In certain circumstances, the Democrats can win with a socialist. Whether they can govern successfully with such a president is another matter.

by Robert Merry

The lurch to the left seen in the Democratic Party these days—including a new and increasingly serious flirtation with democratic socialism—is largely a reaction to the same phenomenon that spawned the emergence of Donald Trump. I have identified that phenomenon in the past as a crisis of the old order, perhaps better understood as the disintegration of the status quo.

When the status quo crumbles, something has to replace it. For Republicans, we now know, that something is a new cluster of political impulses and initiatives that are reflected in Trump’s campaign and efforts at governance. They include a severe clamp on illegal immigration and legal immigration, along with new views on who should be admitted into the country as immigrants. Furthermore, Republicans now have a new aggressiveness toward actions by U.S. trading partners seen as unfair and economically hostile and a protective attitude toward federal entitlement programs. Another part of that platform includes an end to nation-building abroad and the mission of remaking other nations in the Western image. Finally, under Trump republicans also have undertaken a concerted effort to reduce barriers to economic vibrancy, including an assault on federal regulations and what are considered high tax rates.

Note that all of these positions, except the last one, go against what until 2016 was considered Republican orthodoxy. That crystallizes the reality that the old order is fading fast.

And the leftward lurch seen in many quarters of the Democratic Party is noteworthy also in that it represents an effort to counter the new Trumpian phenomenon, not with conventional Democratic thinking of the recent past, but with a jolt of advocacy that would have seemed outlandish a few years ago. That reflects an apparent perception among growing numbers of Democrats that they can’t fight Trump or his GOP acolytes with status quo arguments.

Hence do we see the Left in America doubling down on identity politics — a potent source of Republican anger—and countering GOP immigration initiatives with a call to abolish Immigrations and Customs Enforcement. Moreover, Democrats are embracing the concept of socialism, which at the least would mean very high tax rates on the productive classes, and ever greater regulatory regimes affecting ever more Americans. This also includes more redistributionist initiatives. Whether it would mean government ownership of what are now private enterprises isn’t entirely clear, but that can’t be ruled out as America grapples with the status quo crisis.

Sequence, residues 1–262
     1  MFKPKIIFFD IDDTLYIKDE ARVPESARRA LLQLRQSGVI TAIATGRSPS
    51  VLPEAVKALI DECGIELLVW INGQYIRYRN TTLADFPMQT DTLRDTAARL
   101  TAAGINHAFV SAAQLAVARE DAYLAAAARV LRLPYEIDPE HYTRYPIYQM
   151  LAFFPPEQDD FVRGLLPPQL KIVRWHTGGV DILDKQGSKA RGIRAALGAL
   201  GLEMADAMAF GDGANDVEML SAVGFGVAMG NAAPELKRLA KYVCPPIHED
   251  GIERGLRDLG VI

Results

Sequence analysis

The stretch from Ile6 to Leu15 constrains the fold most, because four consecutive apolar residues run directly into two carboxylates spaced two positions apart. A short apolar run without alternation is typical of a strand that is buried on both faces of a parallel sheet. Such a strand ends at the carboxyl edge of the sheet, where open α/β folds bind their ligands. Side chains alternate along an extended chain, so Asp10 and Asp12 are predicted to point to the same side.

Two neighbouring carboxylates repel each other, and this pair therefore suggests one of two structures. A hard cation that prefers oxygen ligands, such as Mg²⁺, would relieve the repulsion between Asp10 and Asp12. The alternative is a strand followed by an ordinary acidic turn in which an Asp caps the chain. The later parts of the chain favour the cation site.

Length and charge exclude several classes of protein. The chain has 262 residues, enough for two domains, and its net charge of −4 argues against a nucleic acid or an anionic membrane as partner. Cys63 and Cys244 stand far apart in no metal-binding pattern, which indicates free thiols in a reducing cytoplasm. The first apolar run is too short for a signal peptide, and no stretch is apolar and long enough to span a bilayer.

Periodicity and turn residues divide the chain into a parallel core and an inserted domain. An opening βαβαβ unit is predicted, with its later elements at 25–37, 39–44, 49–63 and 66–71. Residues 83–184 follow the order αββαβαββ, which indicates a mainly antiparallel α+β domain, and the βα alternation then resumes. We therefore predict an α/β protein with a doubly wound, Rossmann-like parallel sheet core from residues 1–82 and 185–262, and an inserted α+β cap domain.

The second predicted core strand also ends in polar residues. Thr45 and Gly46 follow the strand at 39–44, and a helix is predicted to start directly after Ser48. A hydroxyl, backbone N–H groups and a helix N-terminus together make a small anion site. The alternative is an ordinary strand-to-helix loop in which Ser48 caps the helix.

What precisely is this crisis of the old order? To understand the old order, think of Franklin Roosevelt, who transformed American politics by putting his Democratic Party at its center. After doing that, Roosevelt also transformed the world by putting his nation at its center. He didn’t anticipate, of course, Josef Stalin’s aggressive territorial ambitions and hence didn’t anticipate the Cold War, but he certainly put America in position to wage it, economically and militarily. And that defined the postwar status quo in global terms.

That’s gone now. America isn’t even close to the economic power it was at the end of World War II and even into the 1990s, relative to the rest of the world. In military terms, the United States faces a rising China, an increasingly hostile situation between Western Europe and Russia (largely the product of North Atlantic Treaty Organization expansion, in my view), and growing instability in key regions of the globe. We’re in a new world that demands new thinking. Hence the crisis.

In American domestic politics, FDR’s New Deal coalition is long gone. And Reaganism, which cut a significant dent in the Democratic political hegemony that existed pretty much up to his 1980 election, is also enervated. That leaves big questions about where we go politically —who will get the fealty of the American working class? What’s the role of organized labor? What’s the fate of public employee unions? What will be the impact of demographic trends, and will current trends continue? Will the Democrats resurrect their Electoral College “Blue Wall”? Will a Republican (almost certainly not Trump) at some point craft his electoral coalition into a governing coalition? Will the Democrats go socialist, and could that be a winning approach?

These are not questions that held much relevance to American politics until recently. Again, that’s because they weren’t pertinent to the old status quo. Now that the old status quo is gone, they are very relevant indeed.

For those who believe (and I am one) that presidential elections are mostly referendums on the incumbent or incumbent party, the nature and outlook of the oppositional candidate will be less important in the 2020 presidential election than the electorate’s assessment of Trump’s performance in office. If the judgment is adverse, which seems highly possible if not likely, then America will get a Democratic successor. That will be the case even if that successor turns out to be a leftist socialist.

In certain circumstances, the Democrats can win with a socialist. Whether they can govern successfully with such a president is another matter.